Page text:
This is something I picked up from a screenwriting book, Story, by Robert McKee. We’re not doing things exactly the way he says to do it, but VN writing isn’t the same as writing for the big screen anyway. Right now we’re still getting used to it, but the end result should be stronger writing and a more consistent storyline.

Right now, we’re going through the prologue’s scenes, working out the beats and writing them into an outline. Once we’re done with that, we’ll be pushing onto the main story, with the first day’s scenes beaten out, and at the same time start writing the prologue scenes. (There’s nothing saying we have to wait to beat out the whole first act this time!)

Meanwhile, I’m still working on writing up some character profiles that won’t spoil things while still providing a decent amount of information on the characters (who finally have permanent names). It’ll be a while before they’re up, however, as I’m waiting for a surprise to go along with the profiles!

Plotting from the top down

October 5, 2010 in Game Development, Painter Story

One of the problems with the first attempt at writing Painter Story was the unstructured plot. We knew a bit about the main character and the various girls he could pursue, as well as some potential outcomes. But we never really worked out the route from A to B. And in the old pre-alphas I used to circulate on IRC, it showed, just as badly as the temporary art and audio.

Something that I’ve been doing since we reset the project is building out the plot, working from the top down. (I say me, because the bulk of the work on laying out the plot has been mine, but the others certainly did contribute as well.) Things began by outlining a story for each of the dateable girls, entirely separate from common or shared events. From there, we worked together to take the three disparate mini-outlines, and combine them into one big outline that included common events. At that point, we also identified major story choices that would lead the reader towards a particular path, as well as other choices that might trip them up or lead to better endings.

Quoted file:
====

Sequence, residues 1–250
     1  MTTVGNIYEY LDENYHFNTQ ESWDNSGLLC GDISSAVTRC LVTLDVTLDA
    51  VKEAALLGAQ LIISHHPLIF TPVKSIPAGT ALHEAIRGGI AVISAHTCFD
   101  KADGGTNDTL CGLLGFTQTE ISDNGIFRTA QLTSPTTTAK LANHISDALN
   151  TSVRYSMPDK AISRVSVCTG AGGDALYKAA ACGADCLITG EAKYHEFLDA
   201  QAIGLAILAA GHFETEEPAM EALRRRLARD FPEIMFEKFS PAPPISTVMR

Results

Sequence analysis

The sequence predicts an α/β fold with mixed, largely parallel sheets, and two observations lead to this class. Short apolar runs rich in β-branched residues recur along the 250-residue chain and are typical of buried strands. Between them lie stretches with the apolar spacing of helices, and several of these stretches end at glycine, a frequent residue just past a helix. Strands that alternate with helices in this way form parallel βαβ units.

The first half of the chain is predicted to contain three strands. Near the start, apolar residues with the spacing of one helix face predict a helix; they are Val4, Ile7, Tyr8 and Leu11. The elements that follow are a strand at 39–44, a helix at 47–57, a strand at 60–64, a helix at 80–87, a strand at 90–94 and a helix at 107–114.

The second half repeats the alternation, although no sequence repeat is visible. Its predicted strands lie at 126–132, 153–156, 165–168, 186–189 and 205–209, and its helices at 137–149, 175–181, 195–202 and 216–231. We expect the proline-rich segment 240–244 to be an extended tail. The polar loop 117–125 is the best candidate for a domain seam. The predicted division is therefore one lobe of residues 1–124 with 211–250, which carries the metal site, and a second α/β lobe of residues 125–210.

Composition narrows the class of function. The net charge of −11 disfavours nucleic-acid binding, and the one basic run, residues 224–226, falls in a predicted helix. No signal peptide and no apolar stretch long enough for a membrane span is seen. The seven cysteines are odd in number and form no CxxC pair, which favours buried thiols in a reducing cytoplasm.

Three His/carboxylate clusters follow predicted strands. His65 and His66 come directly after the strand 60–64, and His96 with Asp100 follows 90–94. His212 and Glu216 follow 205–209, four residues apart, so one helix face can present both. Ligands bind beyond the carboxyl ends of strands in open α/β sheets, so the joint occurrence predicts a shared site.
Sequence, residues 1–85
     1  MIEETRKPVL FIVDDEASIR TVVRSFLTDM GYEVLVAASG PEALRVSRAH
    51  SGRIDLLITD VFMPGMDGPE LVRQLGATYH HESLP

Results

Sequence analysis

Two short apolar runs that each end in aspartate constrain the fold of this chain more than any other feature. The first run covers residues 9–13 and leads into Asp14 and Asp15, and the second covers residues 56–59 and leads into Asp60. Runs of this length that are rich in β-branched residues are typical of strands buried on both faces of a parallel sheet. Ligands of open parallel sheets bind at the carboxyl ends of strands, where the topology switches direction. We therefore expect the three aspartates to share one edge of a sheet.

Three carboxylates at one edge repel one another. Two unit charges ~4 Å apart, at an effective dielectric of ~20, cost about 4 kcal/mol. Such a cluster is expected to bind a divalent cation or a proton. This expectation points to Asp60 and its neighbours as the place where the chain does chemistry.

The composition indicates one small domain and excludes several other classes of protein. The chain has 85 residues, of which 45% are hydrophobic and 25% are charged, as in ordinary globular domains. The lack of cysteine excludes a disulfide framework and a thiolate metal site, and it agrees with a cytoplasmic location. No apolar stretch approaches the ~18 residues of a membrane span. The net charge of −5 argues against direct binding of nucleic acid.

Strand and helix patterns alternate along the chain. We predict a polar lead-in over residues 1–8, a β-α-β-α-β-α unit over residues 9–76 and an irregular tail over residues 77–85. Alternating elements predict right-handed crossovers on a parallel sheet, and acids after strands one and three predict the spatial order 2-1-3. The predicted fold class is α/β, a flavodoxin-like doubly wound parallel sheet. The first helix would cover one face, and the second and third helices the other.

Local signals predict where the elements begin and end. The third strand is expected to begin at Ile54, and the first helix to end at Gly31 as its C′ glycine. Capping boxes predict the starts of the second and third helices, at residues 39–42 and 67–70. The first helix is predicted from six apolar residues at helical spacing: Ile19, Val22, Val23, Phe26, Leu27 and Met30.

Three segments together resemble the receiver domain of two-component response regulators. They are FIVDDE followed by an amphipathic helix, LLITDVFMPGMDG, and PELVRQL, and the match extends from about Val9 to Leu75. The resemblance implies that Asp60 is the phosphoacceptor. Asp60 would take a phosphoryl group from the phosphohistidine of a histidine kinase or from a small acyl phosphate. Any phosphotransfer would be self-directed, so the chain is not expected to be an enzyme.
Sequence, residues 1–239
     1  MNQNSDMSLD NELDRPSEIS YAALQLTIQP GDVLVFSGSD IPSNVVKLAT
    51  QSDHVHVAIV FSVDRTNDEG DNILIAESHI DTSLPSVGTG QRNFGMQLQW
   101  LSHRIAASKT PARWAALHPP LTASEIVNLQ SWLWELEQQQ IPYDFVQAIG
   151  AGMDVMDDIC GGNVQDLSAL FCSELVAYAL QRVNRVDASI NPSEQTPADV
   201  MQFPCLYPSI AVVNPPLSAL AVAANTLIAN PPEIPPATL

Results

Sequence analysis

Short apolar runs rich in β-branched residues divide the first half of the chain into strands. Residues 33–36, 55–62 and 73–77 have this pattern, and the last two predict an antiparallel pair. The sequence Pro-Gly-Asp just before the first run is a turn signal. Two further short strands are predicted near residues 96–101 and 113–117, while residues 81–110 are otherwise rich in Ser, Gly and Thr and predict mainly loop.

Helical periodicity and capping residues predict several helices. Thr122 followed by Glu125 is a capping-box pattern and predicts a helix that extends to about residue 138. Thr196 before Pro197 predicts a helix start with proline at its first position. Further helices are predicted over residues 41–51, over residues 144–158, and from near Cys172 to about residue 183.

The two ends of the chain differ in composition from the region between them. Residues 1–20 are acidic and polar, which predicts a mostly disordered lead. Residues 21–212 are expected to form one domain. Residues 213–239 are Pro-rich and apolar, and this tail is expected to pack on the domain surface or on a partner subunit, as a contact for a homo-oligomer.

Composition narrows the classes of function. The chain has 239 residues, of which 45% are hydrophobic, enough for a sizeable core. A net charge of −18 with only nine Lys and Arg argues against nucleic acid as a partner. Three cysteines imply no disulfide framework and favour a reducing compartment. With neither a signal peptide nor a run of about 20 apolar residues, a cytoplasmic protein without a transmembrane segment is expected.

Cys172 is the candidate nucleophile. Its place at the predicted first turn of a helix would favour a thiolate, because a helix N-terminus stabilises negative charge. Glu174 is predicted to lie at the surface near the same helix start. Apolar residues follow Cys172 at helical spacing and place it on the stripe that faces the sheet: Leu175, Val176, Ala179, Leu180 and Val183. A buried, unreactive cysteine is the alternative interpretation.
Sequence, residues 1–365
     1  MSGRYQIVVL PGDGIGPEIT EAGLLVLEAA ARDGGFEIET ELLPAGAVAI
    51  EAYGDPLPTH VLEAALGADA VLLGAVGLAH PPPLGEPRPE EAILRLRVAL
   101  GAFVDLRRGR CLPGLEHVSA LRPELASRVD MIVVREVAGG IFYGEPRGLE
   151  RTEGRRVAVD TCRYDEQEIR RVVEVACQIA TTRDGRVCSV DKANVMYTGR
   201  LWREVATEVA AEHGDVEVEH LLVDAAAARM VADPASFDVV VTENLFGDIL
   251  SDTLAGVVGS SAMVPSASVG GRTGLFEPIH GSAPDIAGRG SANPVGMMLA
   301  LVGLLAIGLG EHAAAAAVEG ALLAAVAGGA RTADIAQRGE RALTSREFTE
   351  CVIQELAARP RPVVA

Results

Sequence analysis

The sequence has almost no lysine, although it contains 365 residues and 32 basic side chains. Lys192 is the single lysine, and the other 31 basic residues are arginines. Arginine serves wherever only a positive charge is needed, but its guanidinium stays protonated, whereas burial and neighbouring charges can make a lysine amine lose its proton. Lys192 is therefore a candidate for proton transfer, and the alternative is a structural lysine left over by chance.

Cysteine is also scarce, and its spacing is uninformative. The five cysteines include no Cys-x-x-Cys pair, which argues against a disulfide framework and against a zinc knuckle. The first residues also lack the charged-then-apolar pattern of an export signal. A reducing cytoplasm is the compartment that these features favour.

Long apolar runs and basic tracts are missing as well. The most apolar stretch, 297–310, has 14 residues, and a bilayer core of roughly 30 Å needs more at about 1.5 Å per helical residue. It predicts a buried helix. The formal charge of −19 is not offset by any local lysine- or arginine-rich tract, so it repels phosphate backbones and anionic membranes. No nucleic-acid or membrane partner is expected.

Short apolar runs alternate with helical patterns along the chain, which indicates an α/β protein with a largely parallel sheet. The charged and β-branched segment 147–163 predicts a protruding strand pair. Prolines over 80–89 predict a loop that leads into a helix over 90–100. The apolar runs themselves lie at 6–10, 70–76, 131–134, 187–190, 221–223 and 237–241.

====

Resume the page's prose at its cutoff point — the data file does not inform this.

That work is pretty much done, but for getting to the actual writing, it’s not really enough. It gives a good overall view of what happens, but this 50,000 ft outline doesn’t provide enough low-level detail to identify anything more than key scenes.

So for the past little while, I’ve been working on a more detailed outline for the first part of Painter Story. This one identifies individual scenes, as well as provides at least a paragraph of explanation for each one (or will, when complete). We can identify what’s missing at this level, and let us know where things will go from each particular scene. That way, when it comes to actual writing, I and any other scene writers are more likely to really drive the story forward, and lead in to following scenes better.

This is a long, slow, painful process — but without it, Painter Story would never be as good as I’d hope for. While it’ll probably never be on par with Katawa Shoujo or Cradle Song, I’d still like to create something that sits in the top 25% of original English language visual novels. By constructing a strong story, I’m sure that’s achievable.